Dining CapsulesRestaurants recently reviewed by Eve Zibart.
OLD ANGLER'S INN (10801 MacArthur Blvd., Potomac; 301-365-2425) -- This picturesque lockhouse-look restaurant, where the cooking once waxed and waned, has settled down and is at its richest in cold weather. The thick venison chop with chestnuts and spaetzle is among the best versions around. Also noteworthy: roast foie gras with caramelized apples finely balanced and the pan-roasted scallops over lemon-zested grits. Entrees $27-$36.75. Not wheelchair accessible.
IRON GATE (1734 N St. NW; 202-737-1370) -- While this may no longer be one of the places every new Washingtonian is taken to, it's still a cozy little getaway worlds away from its Dupont Circle neighbors. The fettoush salad, vegetable tagine over couscous and braised lamb are among the most popular dishes, although fans of Cuban-style salt-and-spice roasted pork loin will also be pleased. The likes of the goat cheese torte, hummus, stuffed grape leaves and polenta with mushrooms make this perhaps even more pleasant as an after-office gathering spot for those who prefer to hear themselves talk. Entrees $19-$29. Not wheelchair accessible.
TROPICS (13016 Middlebrook Rd. in the Germantown Commons Shopping Center; 301-972-9300) -- Even if you weren't raised on Southern or soul food, there's something intrinsically "homestyle" about this West African/Caribbean/geechee kitchen, which offers patrons a way to explore gumbo cuisine from the more familiar (fried chicken, rum-barbecued ribs, cheese biscuits) to the ethnic standards (jerk chicken, goat curry) and on to the cassava leaf-, okra- and palm nut butter-flavored stews. These often combine meats and seafoods, but don't overlook the variety of starches here: jasmine rice and jollof (sort of the Western biryani); fermented maize called kenke; and a range of cassava products from yucca fries to gari fufu. Entrees $8.95-$14.95.
EL CHALAN (1924 I St. NW; 202-293-2765. Metro: Farragut West or Foggy Bottom) -- For more than 20 years, the pretty little basement restaurant has been making fresh-flavored and easy-to-admire Peruvian fare such as a light and likable arroz con mariscos (seafood-flavored rice); tangy ceviche; flavorful and just slightly "pickled" goat stew; and grill-scented lomo saltado, like unwrapped beef fajitas with french fries mixed right in. Tripe fans, look in at lunch for the cau cau with peas and potatoes. Entrees $11.95-$20.95. Not wheelchair accessible.
SIENA'S (11417 Woodglen Dr., Rockville; 301-770-7474. Metro: White Flint) -- The list of negatives on this menu -- no meat, no coffee, no-rennet cheeses, no expensive decor -- might be considered a positive blessing, especially if you are octo-lacto vegan, Jainist, Buddhist, observe kosher or halal diets, or just like pizza. Or are on a tight budget. Siena's doughs are unusually good, with flavor and crunch instead of garlic salt and grease. The entrees are anything but haute, but they are certainly filling: Big carryout-style tin dishes of lasagna, manicotti, cacciatore (not traditional, but hearty) and so on smothered in homemade marinara and not too heavy into cheese. If you overlook the fettucini Alfredo, you could almost consider the entire menu virtuous. Note pre-dusk closing on Friday and no daylight hours on Saturday to observe the Jewish Sabbath. Pizzas $8.95-$20,95; entrees $5.45-$8.95.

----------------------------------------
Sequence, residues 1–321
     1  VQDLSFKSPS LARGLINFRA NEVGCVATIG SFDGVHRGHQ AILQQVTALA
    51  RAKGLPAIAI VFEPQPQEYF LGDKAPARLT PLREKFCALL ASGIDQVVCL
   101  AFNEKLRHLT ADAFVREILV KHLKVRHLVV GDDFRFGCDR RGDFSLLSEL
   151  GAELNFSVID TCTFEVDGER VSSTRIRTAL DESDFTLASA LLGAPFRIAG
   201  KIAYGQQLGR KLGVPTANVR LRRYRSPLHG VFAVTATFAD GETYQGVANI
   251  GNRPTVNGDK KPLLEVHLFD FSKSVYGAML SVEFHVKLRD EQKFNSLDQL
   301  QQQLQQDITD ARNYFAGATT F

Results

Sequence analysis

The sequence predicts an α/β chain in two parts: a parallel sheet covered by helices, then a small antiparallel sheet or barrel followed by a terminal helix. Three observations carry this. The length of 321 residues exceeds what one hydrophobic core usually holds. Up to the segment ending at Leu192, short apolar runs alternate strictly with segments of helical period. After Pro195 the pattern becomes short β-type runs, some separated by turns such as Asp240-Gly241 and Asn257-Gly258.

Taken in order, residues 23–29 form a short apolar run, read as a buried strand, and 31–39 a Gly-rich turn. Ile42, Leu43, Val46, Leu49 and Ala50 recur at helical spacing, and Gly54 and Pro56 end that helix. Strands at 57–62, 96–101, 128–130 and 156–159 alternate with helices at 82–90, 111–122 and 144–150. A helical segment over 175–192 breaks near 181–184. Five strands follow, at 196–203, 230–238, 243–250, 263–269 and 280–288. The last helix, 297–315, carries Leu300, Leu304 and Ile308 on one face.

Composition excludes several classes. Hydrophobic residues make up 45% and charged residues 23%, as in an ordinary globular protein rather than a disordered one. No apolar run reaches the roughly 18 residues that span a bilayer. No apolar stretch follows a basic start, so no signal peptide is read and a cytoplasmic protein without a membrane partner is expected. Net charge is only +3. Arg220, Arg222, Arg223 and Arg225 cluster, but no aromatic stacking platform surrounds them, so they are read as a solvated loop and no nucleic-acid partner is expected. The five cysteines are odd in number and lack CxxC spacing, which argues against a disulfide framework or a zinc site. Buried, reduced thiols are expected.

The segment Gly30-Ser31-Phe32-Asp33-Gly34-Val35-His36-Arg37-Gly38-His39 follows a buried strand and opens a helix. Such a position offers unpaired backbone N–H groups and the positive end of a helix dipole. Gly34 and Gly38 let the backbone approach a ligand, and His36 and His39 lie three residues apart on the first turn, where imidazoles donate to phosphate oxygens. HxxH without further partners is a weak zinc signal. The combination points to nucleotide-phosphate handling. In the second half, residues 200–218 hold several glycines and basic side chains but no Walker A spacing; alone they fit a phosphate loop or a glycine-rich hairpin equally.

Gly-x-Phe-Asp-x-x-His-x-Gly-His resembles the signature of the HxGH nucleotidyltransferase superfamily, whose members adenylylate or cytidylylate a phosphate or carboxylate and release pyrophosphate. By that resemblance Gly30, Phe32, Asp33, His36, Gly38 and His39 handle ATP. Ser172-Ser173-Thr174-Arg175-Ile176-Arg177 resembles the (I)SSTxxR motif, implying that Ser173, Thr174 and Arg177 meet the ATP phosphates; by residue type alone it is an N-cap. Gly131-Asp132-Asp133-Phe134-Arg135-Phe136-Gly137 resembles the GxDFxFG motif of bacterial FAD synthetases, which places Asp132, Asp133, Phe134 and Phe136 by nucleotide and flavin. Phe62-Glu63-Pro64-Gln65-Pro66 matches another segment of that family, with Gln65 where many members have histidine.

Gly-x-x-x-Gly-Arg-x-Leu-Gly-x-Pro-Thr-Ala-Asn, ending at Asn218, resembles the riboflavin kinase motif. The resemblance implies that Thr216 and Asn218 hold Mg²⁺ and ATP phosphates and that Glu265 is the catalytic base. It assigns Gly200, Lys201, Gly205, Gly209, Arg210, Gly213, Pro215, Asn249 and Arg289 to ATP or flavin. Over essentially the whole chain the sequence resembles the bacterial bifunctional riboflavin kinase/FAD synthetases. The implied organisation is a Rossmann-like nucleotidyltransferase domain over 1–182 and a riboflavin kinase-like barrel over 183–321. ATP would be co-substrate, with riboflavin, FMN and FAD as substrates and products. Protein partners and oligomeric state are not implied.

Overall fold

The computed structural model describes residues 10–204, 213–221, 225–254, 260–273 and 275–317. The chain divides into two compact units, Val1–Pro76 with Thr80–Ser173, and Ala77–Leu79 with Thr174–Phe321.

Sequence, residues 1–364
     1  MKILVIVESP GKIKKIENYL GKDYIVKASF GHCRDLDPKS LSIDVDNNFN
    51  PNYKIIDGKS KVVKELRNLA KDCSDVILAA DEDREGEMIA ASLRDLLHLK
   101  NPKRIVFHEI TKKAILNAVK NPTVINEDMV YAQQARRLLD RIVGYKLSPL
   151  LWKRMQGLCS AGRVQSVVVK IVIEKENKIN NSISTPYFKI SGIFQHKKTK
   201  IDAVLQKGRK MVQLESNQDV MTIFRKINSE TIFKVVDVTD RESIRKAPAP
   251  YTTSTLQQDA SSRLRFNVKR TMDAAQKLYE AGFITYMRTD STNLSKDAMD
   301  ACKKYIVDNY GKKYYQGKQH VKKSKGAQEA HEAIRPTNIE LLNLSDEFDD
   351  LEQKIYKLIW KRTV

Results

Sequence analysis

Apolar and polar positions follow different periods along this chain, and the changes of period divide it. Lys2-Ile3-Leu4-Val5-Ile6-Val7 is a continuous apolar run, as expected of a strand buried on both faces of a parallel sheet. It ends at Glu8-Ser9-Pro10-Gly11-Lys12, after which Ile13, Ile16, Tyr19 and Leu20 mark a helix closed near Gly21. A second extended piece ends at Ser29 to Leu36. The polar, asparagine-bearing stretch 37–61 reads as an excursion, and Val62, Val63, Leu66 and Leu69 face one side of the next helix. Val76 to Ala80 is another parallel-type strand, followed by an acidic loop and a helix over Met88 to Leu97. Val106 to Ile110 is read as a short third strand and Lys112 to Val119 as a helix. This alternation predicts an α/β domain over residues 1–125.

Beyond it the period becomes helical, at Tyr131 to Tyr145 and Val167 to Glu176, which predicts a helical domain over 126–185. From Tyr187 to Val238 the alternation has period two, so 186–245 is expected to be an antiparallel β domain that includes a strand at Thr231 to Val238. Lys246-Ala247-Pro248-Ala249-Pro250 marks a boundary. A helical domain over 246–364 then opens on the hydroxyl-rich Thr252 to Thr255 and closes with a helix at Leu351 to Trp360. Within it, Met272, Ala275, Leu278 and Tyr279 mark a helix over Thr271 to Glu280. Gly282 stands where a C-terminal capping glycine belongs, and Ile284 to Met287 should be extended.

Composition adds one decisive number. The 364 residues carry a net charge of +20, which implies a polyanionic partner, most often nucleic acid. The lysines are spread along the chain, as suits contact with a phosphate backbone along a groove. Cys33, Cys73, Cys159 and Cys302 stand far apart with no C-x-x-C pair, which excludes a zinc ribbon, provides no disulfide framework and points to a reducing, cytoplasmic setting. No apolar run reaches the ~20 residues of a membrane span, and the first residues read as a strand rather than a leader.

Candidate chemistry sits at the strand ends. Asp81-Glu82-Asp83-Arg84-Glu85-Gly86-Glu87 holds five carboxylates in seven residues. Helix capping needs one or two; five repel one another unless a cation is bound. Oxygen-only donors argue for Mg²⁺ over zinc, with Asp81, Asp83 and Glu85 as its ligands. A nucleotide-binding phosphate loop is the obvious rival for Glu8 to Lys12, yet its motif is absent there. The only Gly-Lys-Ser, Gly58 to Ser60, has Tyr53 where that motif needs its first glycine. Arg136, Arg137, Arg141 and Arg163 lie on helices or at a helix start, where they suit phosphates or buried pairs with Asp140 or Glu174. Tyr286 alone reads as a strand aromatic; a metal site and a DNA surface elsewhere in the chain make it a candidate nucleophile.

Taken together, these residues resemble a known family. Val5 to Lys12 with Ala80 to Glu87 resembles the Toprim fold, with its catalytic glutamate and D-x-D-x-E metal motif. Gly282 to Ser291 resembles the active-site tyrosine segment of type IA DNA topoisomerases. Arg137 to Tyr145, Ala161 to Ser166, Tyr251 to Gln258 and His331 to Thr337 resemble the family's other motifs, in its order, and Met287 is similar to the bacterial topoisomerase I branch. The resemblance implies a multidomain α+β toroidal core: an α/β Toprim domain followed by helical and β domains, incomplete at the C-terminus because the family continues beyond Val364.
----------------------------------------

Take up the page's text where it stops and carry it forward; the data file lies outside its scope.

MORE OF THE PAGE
EL NOPALITA GRILL (2259 Bel Pre Rd. in the Plaza del Mercardo, Silver Spring; 301-598-1736) -- Mexican restaurants are finally thinking not only outside the bun, but outside the burrito as well; and this presentation-conscious establishment is actually better at the non-stereotypical dishes, particularly the seafood: crab and shrimp-stuffed poblanos, mixed simmered seafood platters, nopalita-topped sea bass, nightly specials of rockfish and lobster quesadillas, etc. Husk-steamed tamales, including a duck version, are very good. The chicken is carefully tended, though its mole is too sweet for a perfect match, and the salsa is pedestrian. Expect a leisurely dinner, too; service is also well outside the fast-food box. Entrees $10.95-$16.95.
GERTRUDE'S (North Charles and 31st streets in the Baltimore Museum of Art, Baltimore; 410-889-3399) -- The eponymous Miss Gertie, grandmother to Chesapeake Bay chef-author John Shields, would surely recognize the various crab imperials and barbecues here, not to mention the very fine single-fry oysters, pile-it-on seafood salads and other surf standards. But she'd be pleasantly surprised by the long list of fusion-ish turf and imaginative vegetarian dishes, notably the "I Can't Believe It's Not Crab" cakes (grated zucchini patties), the five-spice chicken and its moo shu offshoot, the Southeast Asian veggie curry and the nine Column-A entrees and 17 Column-B sauces. And the pleasantly smart but spare decor and view of the museum's sculpture garden makes this a pleasant destination even after gallery hours. Entrees $10.95-26.95.